Editor: Despite community feedback and concerns about the proposed development of Langston Boulevard, we remain extremely disappointed at the county government’s preliminary concept plan for Area 5, which incorporates the North Highlands and Lyon Village areas.
We are proud residents of Arlington – we purchased our first home on North Cleveland Street in 2006 and have invested in home-improvement projects to accommodate our growing family. Unlike our affluent neighbors in Lyon Village located just across Langston Boulevard, our stretch of the neighborhood consists of single-family homes, townhouses and already-present affordable high-density housing options like the Larkspur.
We love the diversity of our street, as it is representative of a community with mixed ethnic backgrounds and income levels. To us, our street and our homes epitomize the Missing Middle that the county government is actively pushing for.
During the Sept. 22 Area 5 community meeting, an Arlington resident asked the planning team “why the North Highlands area – an area based on demographics that includes the area’s most vulnerable and where it is disproportionately elderly, disproportionately low-income, disproportionately free or reduced lunch, disproportionately disabled, disproportionately non-English-speaking compared to other areas – is being targeted for such dense development.”
The planning team responded that demographics were not the reason for targeting the area for highest density, but rather factors such as the proximity to Langston Boulevard and to two Metro stations. Further, they pointed to the existence of significant landholders and developments of significant scale that could be redeveloped (such as Potomac Towers).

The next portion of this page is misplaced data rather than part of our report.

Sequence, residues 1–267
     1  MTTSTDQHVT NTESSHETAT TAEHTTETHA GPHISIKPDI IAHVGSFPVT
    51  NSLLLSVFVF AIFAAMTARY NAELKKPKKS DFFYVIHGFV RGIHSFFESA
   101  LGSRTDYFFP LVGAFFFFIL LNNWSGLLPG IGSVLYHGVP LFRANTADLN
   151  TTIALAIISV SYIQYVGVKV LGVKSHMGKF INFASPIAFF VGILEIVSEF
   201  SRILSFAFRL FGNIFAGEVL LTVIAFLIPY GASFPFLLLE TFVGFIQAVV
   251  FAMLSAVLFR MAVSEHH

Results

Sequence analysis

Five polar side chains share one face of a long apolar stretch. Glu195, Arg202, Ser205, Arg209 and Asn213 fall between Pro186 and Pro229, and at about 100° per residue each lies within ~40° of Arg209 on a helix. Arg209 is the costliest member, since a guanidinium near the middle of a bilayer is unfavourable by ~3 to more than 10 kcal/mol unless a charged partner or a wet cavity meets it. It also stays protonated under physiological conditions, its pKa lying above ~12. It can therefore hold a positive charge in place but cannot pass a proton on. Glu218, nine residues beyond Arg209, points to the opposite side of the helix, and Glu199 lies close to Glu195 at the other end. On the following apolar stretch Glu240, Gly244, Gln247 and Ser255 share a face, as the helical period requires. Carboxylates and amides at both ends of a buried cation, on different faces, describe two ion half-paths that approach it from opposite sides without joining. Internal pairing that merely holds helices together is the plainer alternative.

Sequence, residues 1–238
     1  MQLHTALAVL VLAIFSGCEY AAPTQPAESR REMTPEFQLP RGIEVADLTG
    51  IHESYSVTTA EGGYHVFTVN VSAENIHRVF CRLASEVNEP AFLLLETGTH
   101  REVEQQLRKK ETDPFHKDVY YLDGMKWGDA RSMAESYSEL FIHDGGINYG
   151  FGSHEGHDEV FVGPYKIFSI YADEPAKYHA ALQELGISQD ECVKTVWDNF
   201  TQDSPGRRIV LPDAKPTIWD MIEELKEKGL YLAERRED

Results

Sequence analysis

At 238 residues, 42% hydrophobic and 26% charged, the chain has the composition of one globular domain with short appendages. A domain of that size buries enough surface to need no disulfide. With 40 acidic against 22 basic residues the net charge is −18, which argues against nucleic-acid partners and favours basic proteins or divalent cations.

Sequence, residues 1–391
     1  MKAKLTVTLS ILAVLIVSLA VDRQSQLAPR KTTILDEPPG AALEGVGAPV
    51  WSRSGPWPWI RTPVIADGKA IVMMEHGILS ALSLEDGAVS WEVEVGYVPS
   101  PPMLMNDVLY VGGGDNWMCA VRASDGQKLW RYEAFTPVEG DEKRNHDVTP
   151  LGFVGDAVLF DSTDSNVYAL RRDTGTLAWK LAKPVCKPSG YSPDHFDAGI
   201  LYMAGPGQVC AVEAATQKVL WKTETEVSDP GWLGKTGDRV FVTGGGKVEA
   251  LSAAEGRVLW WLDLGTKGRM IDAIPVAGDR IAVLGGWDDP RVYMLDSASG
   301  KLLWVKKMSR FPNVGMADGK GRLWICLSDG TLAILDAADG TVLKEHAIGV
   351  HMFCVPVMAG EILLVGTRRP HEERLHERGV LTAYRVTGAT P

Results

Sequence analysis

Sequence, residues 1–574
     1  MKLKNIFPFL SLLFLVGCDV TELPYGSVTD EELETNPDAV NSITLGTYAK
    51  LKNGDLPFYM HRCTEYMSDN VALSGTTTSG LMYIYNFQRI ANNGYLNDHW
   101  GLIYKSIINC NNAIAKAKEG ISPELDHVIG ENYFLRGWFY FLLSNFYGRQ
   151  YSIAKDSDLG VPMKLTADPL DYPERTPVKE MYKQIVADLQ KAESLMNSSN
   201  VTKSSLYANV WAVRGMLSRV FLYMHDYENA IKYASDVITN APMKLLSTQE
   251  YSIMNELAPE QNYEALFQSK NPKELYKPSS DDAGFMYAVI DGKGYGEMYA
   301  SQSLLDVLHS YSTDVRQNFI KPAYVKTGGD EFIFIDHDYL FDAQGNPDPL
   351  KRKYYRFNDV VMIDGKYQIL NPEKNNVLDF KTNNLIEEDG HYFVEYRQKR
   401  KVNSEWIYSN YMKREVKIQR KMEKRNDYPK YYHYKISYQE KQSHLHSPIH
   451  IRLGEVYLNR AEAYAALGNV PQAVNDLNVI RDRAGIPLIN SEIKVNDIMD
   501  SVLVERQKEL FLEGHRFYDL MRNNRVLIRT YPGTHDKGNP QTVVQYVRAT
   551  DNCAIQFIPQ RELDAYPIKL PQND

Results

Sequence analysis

While the latter sounds reasonable given existing apartment complexes throughout Area 5, we question the intent to redevelop lots with existing single-family homes. In North Cleveland Street alone, more than 23 single-family homes are envisioned to be replaced by commercial, moderate- to high-scale multi-family or mixed-use development.
The significant changes envisioned area, in stark contrast to the revised plans for Lyon Village in terms of height and redevelopment of single-family-home parcels. From a diversity, equity and inclusion perspective, it is abundantly clear that the county is targeting vulnerable residents for the sake of redevelopment.
If the county government’s intention is to increase access to affordable housing, we request that officials present detailed solutions that will provide low- to middle-income families access to housing. We would also like to see the detailed plans to facilitate the relocation of existing residents that allow us to remain in the immediate area where we are already raising families and pursuing our careers.
We ask that the county government also present an analysis as to how the planned development eases growing income inequality and displacement of some of Arlington’s most diverse populations, including those in our part of Area 5, specifically addressing the estimated cost of future redeveloped housing options as compared to the already existing high-density housing options available in our neighborhood.
We do not have the kind of tightly-knit, highly affluent community organizational response that Lyon Village does, and it is clear that that has had a direct, negative impact on our future outlook. But please do not ignore us simply because our voices are not loud enough.
Abie and Walker Grossell, Arlington